I live with an artist. Yes, Maddie was blessed with the gift of imagination and creativity. So much of it that it cannot be contained within her mind but has to be released through the her body and coloring utensil onto the paper. Her artwork is created with great gusto. Hard lines, soft lines, shapes, and meaningful blobs — she does them all. All this creativity and art sometimes cannot be contained on a simple piece of paper. Sometimes the work moves her so much that her little hands find themselves creating masterpieces on my wall.
I knew that drawing on walls was a thing that children did. Or, at least I’d heard other mothers complain about it. Through their conversations, I learned that crayon was not the easiest thing to remove from a wall, but I had never had to experience it. Riley always loved to color but, for some reason, was never moved to color anywhere other than her paper or the coloring book. I considered myself lucky but also developed a habit of not watching too closely when Riley was coloring. It was always a great time to do the dishes or vacuum the floors. So I didn’t think too much of it when Maddie started joining in the coloring fun and creating pictures with her sister. That is, until I popped my head up from unloading dishes to find that she had crawled onto the couch and created not one but two wondrous purple masterpieces right there on the wall.
“Look, Mommy!” she exclaimed happily.
“A masterpiece!” Riley chimed in.
So four and a half years into my parenting experience, I sat down with Pinterest and searched “removing crayon from the wall” for the first time. There I found a few different methods, some more difficult than others. I wrote down three in my planner and promised myself that I would test them out on the weekend. Twelve weekends and one weekday later, I did it. The girls and I experimented with each method to find which one removed crayon from the wall the best. Here were the results of our experiment:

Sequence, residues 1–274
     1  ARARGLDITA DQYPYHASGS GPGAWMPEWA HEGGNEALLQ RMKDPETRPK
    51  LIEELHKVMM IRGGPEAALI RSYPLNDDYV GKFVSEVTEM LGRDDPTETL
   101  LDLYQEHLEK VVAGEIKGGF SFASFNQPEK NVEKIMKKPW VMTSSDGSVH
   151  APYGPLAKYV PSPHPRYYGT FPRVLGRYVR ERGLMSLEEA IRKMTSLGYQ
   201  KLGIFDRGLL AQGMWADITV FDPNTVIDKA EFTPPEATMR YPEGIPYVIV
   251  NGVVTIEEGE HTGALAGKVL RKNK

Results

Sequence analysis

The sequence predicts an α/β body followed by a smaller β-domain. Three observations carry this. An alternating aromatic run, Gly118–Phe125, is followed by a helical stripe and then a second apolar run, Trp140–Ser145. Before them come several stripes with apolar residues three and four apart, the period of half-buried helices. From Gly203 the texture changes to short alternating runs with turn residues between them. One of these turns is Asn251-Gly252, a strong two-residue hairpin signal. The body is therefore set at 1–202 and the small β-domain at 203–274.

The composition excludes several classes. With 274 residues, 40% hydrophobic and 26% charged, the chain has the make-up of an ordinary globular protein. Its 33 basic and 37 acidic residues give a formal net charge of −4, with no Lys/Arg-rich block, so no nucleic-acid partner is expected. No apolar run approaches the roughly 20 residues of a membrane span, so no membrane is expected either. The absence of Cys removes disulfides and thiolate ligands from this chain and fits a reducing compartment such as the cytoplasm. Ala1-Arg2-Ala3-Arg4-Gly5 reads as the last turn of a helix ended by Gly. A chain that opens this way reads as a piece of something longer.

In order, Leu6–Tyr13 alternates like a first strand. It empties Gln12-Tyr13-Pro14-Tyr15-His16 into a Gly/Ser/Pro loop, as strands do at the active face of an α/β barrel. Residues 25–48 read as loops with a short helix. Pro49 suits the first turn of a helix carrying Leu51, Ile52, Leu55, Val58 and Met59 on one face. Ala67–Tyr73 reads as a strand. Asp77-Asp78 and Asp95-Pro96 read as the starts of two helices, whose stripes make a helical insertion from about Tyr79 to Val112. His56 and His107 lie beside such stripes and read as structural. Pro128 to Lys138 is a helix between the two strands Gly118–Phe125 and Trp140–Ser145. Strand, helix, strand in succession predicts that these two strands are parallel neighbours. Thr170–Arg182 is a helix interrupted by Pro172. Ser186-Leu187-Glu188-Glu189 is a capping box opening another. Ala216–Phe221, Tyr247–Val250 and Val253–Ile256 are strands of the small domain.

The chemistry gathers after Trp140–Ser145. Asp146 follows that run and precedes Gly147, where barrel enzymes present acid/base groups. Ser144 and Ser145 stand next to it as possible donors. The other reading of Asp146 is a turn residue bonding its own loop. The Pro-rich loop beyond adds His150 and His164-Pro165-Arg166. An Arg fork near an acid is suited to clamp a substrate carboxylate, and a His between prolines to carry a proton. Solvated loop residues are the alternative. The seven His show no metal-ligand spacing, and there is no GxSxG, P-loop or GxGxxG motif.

1. Baby Wipes
I was skeptical that baby wipes would be up to the task of removing crayon from the wall, but I certainly had enough of them lying around the house so it didn’t hurt to give them a try. We scrubbed a bit, and it definitely worked. But, only to a point. After the application of a bit of elbow grease you could still make out a faint line of purple. We moved on.
2. Baking Soda
Baking soda is a great solution to a lot of household smells and problems, so I was hopeful that it would work really well. We took a healthy amount of baking soda and added just enough water to it to make it a paste. We applied it to the wall and used a rag to scrub. It worked really well. It took some effort, and we needed to wipe the wall down, rinse the rags, and start again a couple of times to remove all of the crayon. It did, though, remove all of the crayon in the end.
I was less certain about this solution, but it did seem like fun to try. The girls agreed. They had a great time putting toothpaste on their rags and wiping it all over the walls. I assure you, it was much less messy than it sounds, and it worked like a charm! The crayon came right off with very little scrubbing and left the wall sparkling white and smelling minty clean. It was great!
Experiment completed, toothpaste earned its place as the number-one solution for cleaning crayon off of the wall. The logical next experiment would be to test which type of toothpaste is best (I used Colgate Baking Soda and Peroxide) . Although, I’d rather not have the problem of crayon on the walls again.